zdnet.com: When Microsoft released Skype for Linux, it finally started supporting Linux desktop applications. Can Office for Linux be next!!?
linuxinsider.com: Microsoft may find that users are fine to use CentOS on the Azure cloud but will still go to Red Hat and RHEL if and when they are seeking support.
zdnet.com: Microsoft has made it so that Windows 8 approved PC can only run Windows 8. Fedora Linux has forged a way around it, but not everyone like their approach. Torvalds gives his thoughts on the issue.
nicubunu.blogspot: From the beginning, when people started talking about Secure Boot some warned about the treat to Free Software, but they were pretty much dismissed by many as a bunch of hippies following the smelly RMS, we'll surely find a way around when will get to it.
unixmen.com: Microsoft has shortly released the consumer preview of its flag ship operating system, Windows 8, that is evidently re-skinned to better suit touch-screen devices. Unfortunately, in attempting to revamp the OS, Microsoft has done some serious damage.
linuxinsider.com: Microsoft may not have fully endeared itself into the FOSS rank and file with its recent attempt to hold hands with the open source community. Feelings are not unanimous regarding the commercial software giant.
slashdot.org: "Fedora is going to pay Microsoft to let them distribute a PC operating system. Microsoft is about to move from effectively owning the PC hardware platform to literally owning it.
- Microsoft's new tune: We love Linux
- Microsoft Preps for Public Embrace of Linux
zdnet.com: Microsoft has come a long way in its acceptance of open source. And its motto doesn’t seem to be (this time) to embrace and extinguish.
lunduke.com: About two years ago, I did a comparison of the three major operating systems (market-share wise) — MacOS X, Windows and Ubuntu. With so many changes happening to all three platforms, it seems like it’s time to do it again.
zdnet.com: The leading Linux desktop and the number one desktop of all, Windows, are both undergoing radical transformations, but which will be the better for it?
theregister.co.uk: Microsoft's other investments have been major misses. Microsoft first tried to unseat Red Hat's growing dominance in the data center by subsidising Novell.
linuxforu.com: With initiatives like the Imagine Cup and PhoneGap Meetup, Microsoft is surely taking many steps forward to engage with open source communities across the globe, including India.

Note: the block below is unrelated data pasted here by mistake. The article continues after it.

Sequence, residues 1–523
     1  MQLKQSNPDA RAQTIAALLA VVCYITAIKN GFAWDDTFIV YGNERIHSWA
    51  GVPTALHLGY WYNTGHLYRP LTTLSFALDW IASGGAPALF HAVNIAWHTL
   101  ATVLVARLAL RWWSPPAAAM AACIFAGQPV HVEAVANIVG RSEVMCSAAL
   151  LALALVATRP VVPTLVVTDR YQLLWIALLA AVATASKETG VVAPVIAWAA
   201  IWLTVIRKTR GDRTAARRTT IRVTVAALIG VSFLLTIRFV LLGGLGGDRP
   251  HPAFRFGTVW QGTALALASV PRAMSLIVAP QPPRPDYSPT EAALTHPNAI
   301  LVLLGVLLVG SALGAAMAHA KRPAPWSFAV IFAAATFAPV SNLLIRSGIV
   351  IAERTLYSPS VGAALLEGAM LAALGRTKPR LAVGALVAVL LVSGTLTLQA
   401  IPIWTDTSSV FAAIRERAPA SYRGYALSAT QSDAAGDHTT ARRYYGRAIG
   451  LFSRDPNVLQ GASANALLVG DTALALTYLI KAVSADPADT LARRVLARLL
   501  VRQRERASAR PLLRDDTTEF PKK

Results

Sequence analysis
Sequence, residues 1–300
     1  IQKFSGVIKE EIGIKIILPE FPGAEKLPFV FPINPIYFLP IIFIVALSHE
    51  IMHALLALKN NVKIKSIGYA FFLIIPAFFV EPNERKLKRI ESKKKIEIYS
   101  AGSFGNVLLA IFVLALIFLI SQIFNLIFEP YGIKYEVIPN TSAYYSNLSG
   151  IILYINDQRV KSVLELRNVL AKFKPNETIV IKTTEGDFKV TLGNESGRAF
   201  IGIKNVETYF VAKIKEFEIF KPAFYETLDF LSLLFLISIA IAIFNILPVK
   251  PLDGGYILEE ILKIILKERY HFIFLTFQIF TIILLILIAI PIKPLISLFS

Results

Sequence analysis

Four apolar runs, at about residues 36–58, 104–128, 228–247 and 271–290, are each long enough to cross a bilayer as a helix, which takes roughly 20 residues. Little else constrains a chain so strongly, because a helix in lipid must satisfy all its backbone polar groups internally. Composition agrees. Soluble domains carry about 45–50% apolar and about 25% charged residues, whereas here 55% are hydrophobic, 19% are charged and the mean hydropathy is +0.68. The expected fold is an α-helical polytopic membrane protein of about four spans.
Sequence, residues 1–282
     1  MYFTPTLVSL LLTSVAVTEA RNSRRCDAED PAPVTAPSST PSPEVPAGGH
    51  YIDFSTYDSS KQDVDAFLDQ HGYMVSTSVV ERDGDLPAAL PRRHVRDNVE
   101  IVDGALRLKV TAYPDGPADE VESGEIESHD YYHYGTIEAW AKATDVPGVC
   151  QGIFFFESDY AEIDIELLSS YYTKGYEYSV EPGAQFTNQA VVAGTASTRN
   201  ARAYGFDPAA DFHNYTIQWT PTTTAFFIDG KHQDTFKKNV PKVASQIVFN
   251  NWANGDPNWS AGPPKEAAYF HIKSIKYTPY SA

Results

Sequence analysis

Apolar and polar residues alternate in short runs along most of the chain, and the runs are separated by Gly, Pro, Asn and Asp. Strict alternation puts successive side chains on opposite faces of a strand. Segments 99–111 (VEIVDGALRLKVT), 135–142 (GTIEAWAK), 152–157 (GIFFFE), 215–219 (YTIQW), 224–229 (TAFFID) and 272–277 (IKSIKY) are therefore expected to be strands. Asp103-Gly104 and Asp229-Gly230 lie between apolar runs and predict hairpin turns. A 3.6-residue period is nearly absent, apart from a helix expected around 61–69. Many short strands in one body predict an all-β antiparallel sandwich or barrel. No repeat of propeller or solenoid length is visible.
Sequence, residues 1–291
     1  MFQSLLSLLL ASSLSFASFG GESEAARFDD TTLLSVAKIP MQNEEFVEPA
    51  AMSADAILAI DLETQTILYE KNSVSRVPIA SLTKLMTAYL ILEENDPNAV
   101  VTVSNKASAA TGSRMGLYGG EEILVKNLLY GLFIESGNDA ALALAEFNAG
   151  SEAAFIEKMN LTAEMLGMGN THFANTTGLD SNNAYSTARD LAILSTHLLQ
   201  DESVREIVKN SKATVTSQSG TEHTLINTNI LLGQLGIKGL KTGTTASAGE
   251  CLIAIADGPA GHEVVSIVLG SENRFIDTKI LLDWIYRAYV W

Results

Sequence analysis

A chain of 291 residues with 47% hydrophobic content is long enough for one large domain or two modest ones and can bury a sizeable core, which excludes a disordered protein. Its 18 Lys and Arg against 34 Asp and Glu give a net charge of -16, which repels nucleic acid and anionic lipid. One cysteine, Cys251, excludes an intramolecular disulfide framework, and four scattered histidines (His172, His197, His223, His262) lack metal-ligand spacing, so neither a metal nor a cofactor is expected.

- Microsoft Supporting Open Source: Threat or Promise?
- Microsoft's investment means Open Source is no longer a community, it is a movement
linuxinsider.com (blog safari): Microsoft's declaration last week that it was creating a wholly owned subsidiary devoted to forging closer ties with the open source community. Is it a dream? A nightmare? Have we all been transported to some bizarre alternate universe?
theregister.co.uk: Microsoft's new Open Technologies subsidiary may be many things, but one thing it's not is "further demonstration of Microsoft’s long-term commitment to interoperability, greater openness, and to working with open source communities", as Microsoft has positioned it.
itworld.com: The hits just keep on coming for the Android mobile operating system--albeit this time from European telecom vendors that are insisting the Linux-based operating system would help prop up the flagging Lumia smartphone sales… if only the Lumias ran Android instead of Windows Phone 7.
Also: Red Hat's reaction to Microsoft's open-source spinoff: Welcome! (mostly)
readwriteweb.com: Microsoft is spinning off its open source unit into Microsoft Open Technologies, Inc., and promoting open source veteran Jean Paoli to the role of president of the wholly owned subsidiary.
linuxblog.darkduck: Years 2011 and 2012 brought, and will bring, significant changes to all of these operating systems. Maybe not on the core level, but certainly on the user interface level. Unity, GNOME3, and now Windows 8 user interface styles are... I won’t say they are bad or wrong. I will say they are different.
theregister.co.uk: The Linux Foundation has released its annual report on the state of the software, and reports that Microsoft has made it into the Top 20 of companies that sponsor development of the Linux kernel –